What made Edison great?
The same thing that made Bruce Lee into The Dragon.
The same thing that created Milton Hershey’s iconic candy bar.
That made our 16th President, Abraham Lincoln.
Do you see the theme?
Dr. Lucy Hone’s TED Talk in Christchurch explains what makes resilient people succeed: they know the world is shit, but it isn’t going to break them. They pick their battles, and can let the non-core issues go. They know that it isn’t all shiny Instagram unicorns and fluffy clouds, but they find the rainbows among the storms to make it through the hardest days. She had taught resiliency to soldiers but then she had to live it: her 12 year old daughter was killed in a car accident.
Admiral Stockdale’s Paradox of survival in the Vietnam POW camps: “You must never confuse faith that you will prevail in the end —which you can never afford to lose —with the discipline to confront the most brutal facts of your current reality, whatever they might be.” ~ James Stockdale
Viktor Frankl in Man’s Search for Meaning discusses pausing while slaving away in the concentration camps to stare at the beauty of the sun breaking from behind the clouds, of God’s grandeur in the bleakest situation and making it through another minute, and another, and another. And after the horror being different but alive and adaptable in a way he would never have comprehended beforehand. Resilient.
Balancing difficulties with belief in the future is the core of this resilience. Being pushed to or past limits without losing the core belief systems, without losing hope while “embracing the suck” as many military veterans describe it. Their dark humor might be a coping mechanism, yet they aren’t giving up the fight that many still carry and each day they need to find a way to survive and win that day. Resilient.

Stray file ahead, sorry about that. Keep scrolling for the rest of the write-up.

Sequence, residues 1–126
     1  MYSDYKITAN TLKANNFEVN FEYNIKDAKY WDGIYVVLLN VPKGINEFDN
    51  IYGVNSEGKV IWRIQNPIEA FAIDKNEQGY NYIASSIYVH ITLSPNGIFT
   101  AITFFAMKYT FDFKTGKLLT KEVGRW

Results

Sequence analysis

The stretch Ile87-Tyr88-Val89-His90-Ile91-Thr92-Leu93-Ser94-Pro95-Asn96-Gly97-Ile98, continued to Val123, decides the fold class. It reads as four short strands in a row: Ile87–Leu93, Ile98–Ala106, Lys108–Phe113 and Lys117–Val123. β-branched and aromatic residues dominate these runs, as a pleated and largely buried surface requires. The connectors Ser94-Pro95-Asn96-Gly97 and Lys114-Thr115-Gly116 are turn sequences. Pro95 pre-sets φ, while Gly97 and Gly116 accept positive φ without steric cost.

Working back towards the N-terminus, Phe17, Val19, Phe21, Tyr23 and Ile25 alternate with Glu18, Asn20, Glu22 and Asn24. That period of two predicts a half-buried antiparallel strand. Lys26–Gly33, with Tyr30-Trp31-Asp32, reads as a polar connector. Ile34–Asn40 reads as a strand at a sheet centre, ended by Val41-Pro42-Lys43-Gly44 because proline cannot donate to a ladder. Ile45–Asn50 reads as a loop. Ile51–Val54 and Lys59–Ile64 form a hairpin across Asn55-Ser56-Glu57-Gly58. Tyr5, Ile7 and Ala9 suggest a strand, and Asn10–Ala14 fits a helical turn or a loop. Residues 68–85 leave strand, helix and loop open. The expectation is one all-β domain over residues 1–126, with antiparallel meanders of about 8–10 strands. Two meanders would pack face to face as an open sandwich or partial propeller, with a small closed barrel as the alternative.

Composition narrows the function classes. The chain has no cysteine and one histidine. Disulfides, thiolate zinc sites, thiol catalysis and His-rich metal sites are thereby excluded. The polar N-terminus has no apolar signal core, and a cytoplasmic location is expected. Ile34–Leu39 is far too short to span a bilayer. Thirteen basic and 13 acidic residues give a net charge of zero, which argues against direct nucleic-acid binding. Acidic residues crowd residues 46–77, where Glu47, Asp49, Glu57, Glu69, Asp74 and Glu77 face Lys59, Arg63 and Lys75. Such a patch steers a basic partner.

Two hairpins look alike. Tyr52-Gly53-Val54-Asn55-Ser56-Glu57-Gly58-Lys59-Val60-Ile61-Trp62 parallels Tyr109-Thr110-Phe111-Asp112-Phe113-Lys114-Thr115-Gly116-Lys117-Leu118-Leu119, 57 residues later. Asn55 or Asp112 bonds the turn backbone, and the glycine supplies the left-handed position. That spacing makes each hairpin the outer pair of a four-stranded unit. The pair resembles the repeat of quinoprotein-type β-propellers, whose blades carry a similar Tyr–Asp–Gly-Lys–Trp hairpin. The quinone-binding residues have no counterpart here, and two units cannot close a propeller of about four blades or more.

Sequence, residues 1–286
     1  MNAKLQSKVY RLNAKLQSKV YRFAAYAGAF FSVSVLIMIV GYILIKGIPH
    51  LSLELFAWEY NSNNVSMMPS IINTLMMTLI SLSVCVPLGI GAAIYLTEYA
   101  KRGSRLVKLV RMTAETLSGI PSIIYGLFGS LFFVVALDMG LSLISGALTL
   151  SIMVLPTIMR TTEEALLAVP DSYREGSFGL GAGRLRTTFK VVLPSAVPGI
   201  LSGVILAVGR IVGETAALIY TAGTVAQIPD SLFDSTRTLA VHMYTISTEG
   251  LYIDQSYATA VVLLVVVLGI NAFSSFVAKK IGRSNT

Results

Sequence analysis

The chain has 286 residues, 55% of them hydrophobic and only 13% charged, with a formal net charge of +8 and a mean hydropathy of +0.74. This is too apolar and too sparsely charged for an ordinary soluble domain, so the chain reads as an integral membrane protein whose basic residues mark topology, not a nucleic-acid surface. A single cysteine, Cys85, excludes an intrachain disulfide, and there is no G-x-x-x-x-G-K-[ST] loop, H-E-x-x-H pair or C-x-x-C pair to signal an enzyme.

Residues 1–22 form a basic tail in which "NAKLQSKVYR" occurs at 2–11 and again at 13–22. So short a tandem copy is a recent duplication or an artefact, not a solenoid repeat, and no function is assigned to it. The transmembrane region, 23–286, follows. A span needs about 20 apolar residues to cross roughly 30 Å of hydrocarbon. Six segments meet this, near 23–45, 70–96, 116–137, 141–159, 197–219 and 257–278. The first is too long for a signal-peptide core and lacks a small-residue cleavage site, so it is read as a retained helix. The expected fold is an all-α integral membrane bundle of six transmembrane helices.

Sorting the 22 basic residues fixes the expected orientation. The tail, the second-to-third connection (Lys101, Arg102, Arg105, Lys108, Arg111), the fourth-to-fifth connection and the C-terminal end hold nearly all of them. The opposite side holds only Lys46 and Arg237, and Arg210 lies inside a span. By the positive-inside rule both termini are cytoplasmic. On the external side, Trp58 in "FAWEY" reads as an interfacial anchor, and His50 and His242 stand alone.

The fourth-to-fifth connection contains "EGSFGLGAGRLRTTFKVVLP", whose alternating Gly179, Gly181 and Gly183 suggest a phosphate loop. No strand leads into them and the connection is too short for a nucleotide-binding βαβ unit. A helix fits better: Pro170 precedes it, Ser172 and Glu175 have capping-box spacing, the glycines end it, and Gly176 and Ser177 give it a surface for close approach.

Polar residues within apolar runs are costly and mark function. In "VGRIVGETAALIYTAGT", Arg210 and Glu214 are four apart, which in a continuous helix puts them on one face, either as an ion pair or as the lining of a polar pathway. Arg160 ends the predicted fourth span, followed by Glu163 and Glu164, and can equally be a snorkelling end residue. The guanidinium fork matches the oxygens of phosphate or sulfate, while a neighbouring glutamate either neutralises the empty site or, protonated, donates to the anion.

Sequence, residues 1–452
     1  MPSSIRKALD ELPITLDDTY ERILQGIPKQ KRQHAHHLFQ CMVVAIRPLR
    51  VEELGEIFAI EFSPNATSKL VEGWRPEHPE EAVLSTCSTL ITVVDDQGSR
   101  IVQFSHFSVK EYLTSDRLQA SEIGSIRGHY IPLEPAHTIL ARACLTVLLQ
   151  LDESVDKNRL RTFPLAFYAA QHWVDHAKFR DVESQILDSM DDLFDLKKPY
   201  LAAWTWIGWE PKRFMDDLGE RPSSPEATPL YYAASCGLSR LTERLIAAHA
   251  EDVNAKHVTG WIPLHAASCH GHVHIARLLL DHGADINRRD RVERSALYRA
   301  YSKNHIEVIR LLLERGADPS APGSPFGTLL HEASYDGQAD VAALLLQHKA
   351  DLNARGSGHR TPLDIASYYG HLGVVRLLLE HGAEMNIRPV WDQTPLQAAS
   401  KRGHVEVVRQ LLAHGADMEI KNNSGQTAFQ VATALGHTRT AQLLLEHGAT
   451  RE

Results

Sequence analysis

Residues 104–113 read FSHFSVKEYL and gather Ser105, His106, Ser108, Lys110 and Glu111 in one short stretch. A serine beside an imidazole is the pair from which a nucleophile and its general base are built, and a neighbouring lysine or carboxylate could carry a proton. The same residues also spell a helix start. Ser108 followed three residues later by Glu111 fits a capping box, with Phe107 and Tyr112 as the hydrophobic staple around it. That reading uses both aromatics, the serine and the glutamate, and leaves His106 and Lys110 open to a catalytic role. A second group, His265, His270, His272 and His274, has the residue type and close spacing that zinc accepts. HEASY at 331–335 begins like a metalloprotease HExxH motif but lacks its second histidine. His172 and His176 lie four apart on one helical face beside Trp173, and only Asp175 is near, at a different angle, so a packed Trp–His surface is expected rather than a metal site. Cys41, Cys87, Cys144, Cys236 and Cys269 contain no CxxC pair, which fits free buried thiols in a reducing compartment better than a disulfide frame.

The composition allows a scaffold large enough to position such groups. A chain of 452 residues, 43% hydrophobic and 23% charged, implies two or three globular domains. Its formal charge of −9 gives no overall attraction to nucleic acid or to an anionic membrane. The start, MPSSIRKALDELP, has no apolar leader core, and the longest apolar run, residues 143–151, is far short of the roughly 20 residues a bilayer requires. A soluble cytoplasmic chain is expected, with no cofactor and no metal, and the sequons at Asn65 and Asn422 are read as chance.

The Science of Resilience from Harvard’s Center on the Developing Child takes a tremendous number of hours of research and consolidates it into a few minutes of scientific insight. You should watch it and ask yourself: how can I balance hope and what is currently occurring? How can I adapt and overcome?
As a martial artist I repeatedly dealt with “career ending” injuries, though none as severe as Bruce Lee’s broken back. I was told I’d never be the same, nor compete at the same level. And yet I would come back smarter, tougher, better. More resilient. A champion. The only career ending injury is breaking my spirit.
If you can become resilient, you can not fail. Because failure only happens when you don’t get back up after being knocked down again. “Nobody hits as hard as life” Rocky Balboa proclaimed. But you get up and keep fighting, “and that’s how winning is done.”
You might not go bankrupt multiple times like Hershey, or fail ten thousand times like Edison. But if you refuse to lay down when you are hurt, if you keep going through the Hell and grow and change and keep fighting, you can start to win and become unstoppable.
Because you are Resilient.